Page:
The Structure and Function of Alzheimer's Gamma Secretase Enzyme Complex
Computing, Health and Science
Exercise, Biomedical and Health Science, Centre for Alzheimer's Disease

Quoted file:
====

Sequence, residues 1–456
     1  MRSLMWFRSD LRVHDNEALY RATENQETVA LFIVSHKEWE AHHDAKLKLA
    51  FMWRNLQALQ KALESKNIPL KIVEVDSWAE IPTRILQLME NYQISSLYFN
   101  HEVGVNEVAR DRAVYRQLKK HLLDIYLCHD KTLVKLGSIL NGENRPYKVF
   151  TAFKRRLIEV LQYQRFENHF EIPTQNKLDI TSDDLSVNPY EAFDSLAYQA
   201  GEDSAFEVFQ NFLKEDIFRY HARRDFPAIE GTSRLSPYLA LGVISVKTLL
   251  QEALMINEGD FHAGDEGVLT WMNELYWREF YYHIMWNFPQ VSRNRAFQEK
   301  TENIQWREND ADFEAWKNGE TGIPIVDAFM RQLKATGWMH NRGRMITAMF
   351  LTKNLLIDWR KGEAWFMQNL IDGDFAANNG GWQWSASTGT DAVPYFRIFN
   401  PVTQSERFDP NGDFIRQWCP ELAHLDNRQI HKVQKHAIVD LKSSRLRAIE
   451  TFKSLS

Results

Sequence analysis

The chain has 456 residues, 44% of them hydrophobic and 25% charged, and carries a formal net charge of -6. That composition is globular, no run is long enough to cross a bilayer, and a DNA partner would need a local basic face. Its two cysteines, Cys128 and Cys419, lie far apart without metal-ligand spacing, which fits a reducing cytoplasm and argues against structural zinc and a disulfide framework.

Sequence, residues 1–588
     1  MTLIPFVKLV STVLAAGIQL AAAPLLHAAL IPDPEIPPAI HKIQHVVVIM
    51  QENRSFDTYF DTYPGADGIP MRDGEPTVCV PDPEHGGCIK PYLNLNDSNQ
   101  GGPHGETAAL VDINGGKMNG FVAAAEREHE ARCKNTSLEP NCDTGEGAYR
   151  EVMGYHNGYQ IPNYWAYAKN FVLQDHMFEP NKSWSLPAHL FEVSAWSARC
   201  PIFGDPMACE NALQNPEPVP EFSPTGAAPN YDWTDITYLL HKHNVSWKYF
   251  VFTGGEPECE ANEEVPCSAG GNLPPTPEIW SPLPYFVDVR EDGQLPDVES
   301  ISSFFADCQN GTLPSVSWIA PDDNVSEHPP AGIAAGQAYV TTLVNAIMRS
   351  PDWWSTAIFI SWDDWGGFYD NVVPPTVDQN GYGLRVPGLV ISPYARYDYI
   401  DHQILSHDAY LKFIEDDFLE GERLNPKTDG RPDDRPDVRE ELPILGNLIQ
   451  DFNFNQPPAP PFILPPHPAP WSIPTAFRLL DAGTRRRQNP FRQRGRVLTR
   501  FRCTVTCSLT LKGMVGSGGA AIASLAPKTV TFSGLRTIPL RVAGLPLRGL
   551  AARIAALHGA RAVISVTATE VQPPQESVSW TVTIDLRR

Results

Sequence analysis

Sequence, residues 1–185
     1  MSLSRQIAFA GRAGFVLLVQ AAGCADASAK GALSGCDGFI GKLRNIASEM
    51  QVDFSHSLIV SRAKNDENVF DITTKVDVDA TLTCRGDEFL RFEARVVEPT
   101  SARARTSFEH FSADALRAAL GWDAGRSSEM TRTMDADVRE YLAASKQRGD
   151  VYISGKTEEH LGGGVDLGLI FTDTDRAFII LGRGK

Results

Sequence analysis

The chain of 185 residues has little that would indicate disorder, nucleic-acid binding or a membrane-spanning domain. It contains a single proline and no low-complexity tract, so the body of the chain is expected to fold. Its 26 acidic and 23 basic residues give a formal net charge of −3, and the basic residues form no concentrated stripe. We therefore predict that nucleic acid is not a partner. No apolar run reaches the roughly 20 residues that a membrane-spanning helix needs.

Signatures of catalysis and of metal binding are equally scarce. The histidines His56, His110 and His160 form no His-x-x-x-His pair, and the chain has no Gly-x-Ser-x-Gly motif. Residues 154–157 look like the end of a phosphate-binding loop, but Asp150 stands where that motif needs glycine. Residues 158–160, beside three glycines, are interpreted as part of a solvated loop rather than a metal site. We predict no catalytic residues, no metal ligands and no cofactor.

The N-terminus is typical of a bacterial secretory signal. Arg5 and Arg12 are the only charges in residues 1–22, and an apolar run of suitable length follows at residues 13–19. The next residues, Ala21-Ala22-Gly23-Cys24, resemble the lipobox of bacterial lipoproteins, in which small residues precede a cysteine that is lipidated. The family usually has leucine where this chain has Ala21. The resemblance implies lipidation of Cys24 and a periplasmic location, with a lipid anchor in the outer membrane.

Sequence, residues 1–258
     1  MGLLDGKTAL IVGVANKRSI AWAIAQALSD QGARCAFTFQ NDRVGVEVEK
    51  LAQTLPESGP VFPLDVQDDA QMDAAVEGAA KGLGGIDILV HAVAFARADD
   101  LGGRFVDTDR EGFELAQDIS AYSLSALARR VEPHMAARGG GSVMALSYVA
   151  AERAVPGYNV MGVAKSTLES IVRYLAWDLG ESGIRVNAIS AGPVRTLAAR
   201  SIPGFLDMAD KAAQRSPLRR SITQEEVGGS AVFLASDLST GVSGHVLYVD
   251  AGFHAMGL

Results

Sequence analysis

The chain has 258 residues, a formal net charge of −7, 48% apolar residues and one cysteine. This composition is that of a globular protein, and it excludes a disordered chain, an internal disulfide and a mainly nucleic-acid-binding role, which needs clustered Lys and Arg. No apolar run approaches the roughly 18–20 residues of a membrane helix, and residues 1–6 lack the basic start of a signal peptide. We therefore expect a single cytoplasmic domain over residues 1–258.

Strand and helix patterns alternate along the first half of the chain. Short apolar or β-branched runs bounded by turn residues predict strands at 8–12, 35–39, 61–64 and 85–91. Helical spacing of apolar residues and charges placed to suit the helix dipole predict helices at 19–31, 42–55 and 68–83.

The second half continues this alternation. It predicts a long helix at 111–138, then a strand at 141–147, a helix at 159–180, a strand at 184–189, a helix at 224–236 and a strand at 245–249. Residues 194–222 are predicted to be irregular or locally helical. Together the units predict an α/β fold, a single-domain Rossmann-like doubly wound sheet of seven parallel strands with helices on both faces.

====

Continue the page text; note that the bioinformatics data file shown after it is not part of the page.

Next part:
The production and accumulation of the beta amyloid protein (Aβ) is a key event in the cascade of oxidative and inflammatory processes that characterizes Alzheimer’s disease (AD). A multi-subunit enzyme complex, referred to as gamma (γ) secretase, plays a pivotal role in the generation of Aβ from its parent molecule, the amyloid precursor protein (APP). Four core components (presenilin, nicastrin, aph-1, and pen-2) interact in a high-molecular-weight complex to perform intramembrane proteolysis on a number of membrane-bound proteins, including APP and Notch. Inhibitors and modulators of this enzyme have been assessed for their therapeutic benefit in AD. However, although these agents reduce Aβ levels, the majority have been shown to have severe side effects in pre-clinical animal studies, most likely due to the enzymes role in processing other proteins involved in normal cellular function. Current research is directed at understanding this enzyme and, in particular, at elucidating the roles that each of the core proteins plays in its function. In addition, a number of interacting proteins that are not components of γ-secretase also appear to play important roles in modulating enzyme activity. This review will discuss the structural and functional complexity of the γ-secretase enzyme and the effects of inhibiting its activity.